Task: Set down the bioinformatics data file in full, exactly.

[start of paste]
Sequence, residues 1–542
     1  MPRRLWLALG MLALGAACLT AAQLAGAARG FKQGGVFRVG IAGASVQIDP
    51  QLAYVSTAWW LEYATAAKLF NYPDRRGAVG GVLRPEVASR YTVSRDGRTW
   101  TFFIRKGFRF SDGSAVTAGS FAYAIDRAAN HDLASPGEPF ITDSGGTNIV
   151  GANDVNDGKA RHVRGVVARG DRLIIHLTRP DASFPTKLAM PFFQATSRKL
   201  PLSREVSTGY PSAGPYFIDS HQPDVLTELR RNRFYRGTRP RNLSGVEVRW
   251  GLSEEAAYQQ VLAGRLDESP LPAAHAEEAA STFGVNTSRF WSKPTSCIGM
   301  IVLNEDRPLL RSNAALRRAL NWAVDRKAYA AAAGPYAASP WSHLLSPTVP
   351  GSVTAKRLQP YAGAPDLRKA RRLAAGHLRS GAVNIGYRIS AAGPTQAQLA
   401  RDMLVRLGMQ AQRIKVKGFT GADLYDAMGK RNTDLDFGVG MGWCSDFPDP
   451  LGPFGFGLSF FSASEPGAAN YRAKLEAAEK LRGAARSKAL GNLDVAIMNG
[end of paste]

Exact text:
Sequence, residues 1–542
     1  MPRRLWLALG MLALGAACLT AAQLAGAARG FKQGGVFRVG IAGASVQIDP
    51  QLAYVSTAWW LEYATAAKLF NYPDRRGAVG GVLRPEVASR YTVSRDGRTW
   101  TFFIRKGFRF SDGSAVTAGS FAYAIDRAAN HDLASPGEPF ITDSGGTNIV
   151  GANDVNDGKA RHVRGVVARG DRLIIHLTRP DASFPTKLAM PFFQATSRKL
   201  PLSREVSTGY PSAGPYFIDS HQPDVLTELR RNRFYRGTRP RNLSGVEVRW
   251  GLSEEAAYQQ VLAGRLDESP LPAAHAEEAA STFGVNTSRF WSKPTSCIGM
   301  IVLNEDRPLL RSNAALRRAL NWAVDRKAYA AAAGPYAASP WSHLLSPTVP
   351  GSVTAKRLQP YAGAPDLRKA RRLAAGHLRS GAVNIGYRIS AAGPTQAQLA
   401  RDMLVRLGMQ AQRIKVKGFT GADLYDAMGK RNTDLDFGVG MGWCSDFPDP
   451  LGPFGFGLSF FSASEPGAAN YRAKLEAAEK LRGAARSKAL GNLDVAIMNG